Jaune Quick-To-See Smith is a DO NOT MISS. She was recently feted at
Framingham State College so I went to see her and attended all the
functions. There were two exhibits in town of her work. She speaks simply
and feelingly. If you are able, it's worth a trip going to meet her and
speak with her.
Leslie, now in Boston.
15 Channel Center Street, #309
Boston, MA 02210
From: Woody Duncan [mailto:email@example.com]
Sent: Wednesday, September 14, 2005 3:56 PM
To: TeacherArtExchange Discussion Group
Subject: [teacherartexchange] Jaune Quick-to-See Smith
In November, the New Mexico Art Ed Associations keynote
speaker will be the Native-American Artist Jaune Quick-to-See
Smith. That weekend I'm doing a Collograph Printmaking workshop
at the NMArtEd conference in Sunrise Springs just South of
Santa Fe. The dates are November 11-13, 2005.
Below is a bio on the artist.
Jaune Quick-to-See Smith was born at the Indian Mission on the Flathead
Reservation in 1940. She is an enrolled member of the Confederated
Salish and Kootenai Tribes of the Flathead Indian Nation, Montana.
She received an Associate of Arts Degree at Olympic College in Bremerton
Washington in 1960. She attended the University of Washington in
Seattle, received her BA in Art Education at Framingham State College in
1976 and a masters degree in art at the University of New Mexico in 1980.
Jaune Quick-to-See Smith is one of the most acclaimed American Indian
artists today. She has been reviewed in all major art periodicals.
Smith has had over 80 solo exhibits in the past 30 years and has done
printmaking projects nationwide. Over that same time, she has organized
and/or curated over 30 Native exhibitions, lectured at more than 185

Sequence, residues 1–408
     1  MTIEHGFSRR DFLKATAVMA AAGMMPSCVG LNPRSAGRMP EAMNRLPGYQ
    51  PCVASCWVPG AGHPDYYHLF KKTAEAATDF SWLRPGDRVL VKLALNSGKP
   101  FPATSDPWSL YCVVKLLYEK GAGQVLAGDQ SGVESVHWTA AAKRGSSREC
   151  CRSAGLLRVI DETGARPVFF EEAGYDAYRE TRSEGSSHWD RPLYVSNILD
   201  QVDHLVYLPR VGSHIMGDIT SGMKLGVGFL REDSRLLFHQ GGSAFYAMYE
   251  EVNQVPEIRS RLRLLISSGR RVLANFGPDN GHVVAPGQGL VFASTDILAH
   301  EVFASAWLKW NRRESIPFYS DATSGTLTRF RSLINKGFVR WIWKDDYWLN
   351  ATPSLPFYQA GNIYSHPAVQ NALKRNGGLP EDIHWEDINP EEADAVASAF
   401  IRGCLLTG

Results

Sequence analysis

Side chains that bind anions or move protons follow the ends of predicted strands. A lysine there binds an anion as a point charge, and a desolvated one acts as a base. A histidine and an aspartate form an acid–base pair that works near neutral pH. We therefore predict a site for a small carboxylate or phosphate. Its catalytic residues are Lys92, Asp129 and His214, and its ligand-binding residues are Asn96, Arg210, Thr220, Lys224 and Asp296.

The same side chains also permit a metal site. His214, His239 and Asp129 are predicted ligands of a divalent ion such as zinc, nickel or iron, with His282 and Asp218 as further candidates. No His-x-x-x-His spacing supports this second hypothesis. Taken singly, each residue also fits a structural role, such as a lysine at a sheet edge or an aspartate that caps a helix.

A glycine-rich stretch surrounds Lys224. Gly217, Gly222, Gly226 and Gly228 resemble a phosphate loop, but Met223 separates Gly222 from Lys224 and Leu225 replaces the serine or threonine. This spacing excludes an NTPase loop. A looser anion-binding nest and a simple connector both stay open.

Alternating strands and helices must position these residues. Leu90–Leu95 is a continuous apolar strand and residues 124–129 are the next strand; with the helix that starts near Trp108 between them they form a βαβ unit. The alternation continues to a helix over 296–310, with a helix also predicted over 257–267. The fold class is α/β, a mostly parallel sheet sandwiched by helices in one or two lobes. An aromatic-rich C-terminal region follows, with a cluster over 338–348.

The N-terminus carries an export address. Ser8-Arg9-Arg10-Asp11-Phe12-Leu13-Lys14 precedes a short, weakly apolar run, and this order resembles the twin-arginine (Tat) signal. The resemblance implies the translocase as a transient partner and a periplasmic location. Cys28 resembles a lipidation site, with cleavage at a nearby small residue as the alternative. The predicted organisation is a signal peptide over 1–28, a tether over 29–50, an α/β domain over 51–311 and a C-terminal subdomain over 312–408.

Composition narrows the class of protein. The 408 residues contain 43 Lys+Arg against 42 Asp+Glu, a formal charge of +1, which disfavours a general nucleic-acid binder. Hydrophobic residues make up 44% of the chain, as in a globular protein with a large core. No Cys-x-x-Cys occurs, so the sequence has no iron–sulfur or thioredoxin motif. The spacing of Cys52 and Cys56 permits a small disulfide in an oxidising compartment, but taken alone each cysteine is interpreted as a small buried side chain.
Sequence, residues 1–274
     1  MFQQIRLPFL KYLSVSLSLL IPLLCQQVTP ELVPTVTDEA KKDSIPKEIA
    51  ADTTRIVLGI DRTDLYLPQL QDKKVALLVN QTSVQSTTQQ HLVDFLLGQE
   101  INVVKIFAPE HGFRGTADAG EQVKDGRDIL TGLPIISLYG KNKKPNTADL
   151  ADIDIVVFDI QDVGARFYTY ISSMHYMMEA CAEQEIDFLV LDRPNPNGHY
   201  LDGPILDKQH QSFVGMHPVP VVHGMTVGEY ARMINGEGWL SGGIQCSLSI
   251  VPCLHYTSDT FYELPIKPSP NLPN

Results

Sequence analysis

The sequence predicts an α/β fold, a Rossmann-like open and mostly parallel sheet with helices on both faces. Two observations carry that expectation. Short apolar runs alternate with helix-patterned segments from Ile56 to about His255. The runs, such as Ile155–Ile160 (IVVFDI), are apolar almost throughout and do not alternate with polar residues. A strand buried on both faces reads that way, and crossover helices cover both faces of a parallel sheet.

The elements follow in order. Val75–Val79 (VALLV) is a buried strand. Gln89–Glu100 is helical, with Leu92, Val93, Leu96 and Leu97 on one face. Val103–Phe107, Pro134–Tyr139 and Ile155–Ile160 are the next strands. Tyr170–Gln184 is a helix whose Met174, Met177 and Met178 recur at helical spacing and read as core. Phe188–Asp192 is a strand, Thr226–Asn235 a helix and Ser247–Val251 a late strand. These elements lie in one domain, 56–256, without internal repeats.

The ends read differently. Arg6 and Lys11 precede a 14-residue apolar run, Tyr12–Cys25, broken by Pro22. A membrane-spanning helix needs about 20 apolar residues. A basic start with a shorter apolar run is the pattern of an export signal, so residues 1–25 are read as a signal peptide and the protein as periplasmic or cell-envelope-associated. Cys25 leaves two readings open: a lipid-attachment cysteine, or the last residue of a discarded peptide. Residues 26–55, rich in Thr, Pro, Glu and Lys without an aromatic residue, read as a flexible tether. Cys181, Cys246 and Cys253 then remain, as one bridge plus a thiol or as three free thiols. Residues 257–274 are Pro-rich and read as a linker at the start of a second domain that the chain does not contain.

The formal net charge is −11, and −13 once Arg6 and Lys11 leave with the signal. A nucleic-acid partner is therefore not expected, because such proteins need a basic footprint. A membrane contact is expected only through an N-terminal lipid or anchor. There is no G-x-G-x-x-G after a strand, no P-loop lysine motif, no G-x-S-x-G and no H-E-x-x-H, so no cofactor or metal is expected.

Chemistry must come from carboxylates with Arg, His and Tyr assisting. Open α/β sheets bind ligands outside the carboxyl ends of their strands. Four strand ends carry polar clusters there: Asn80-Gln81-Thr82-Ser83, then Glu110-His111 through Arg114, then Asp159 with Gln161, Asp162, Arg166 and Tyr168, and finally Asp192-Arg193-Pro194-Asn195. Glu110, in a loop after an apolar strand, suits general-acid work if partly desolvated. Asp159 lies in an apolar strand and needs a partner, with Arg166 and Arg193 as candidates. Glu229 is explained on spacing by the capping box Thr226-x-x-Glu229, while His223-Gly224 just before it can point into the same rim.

universities, museums and conferences internationally, most recently at
5 universities in China. Smith has completed several collaborative
public art works such as the floor design in the Great Hall of the new
Denver Airport; an in-situ sculpture piece in Yerba Buena Park, San
Francisco and a mile-long sidewalk history trail in West Seattle.
Smith has received awards such as the Academy of Arts and Letters
Purchase Award, NY l987; the Joan Mitchell Foundation Painters Grant
1996; the Woman?s Caucus for the Arts Lifetime Achievement 1997; the
College Art Association Women's Award 2002 and three honorary
doctorates: Minneapolis College of Art and Design 1992; Pennsylvania
Academy of Fine Arts 1998; Massachusetts College of Art 2003; Governor?s
Outstanding New Mexico Woman?s Award 2005.
She is in the collections of the Museum of Modern Art, Quito, Ecuador;
the Museum of Mankind, Vienna, Austria; The Walker, Minneapolis, MN;
Smithsonian American Art Museum, Washington DC; the Museum of Modern Art
and The Whitney Museum, both of NY.
Smith calls herself a cultural art worker, which is also apparent in her
work. Elaborating on her Native worldview, Smith's work addresses
today's tribal politics, human rights and environmental issues with
humor. Critic Gerrit Henry, (Art in America 2001) wrote: "For all the
primal nature of her origins, Smith adeptly takes on contemporary
American society in her paintings, drawings and prints, looking at
things Native and national through bifocals of the old and the new, the
sacred and the profane, the divine and the witty."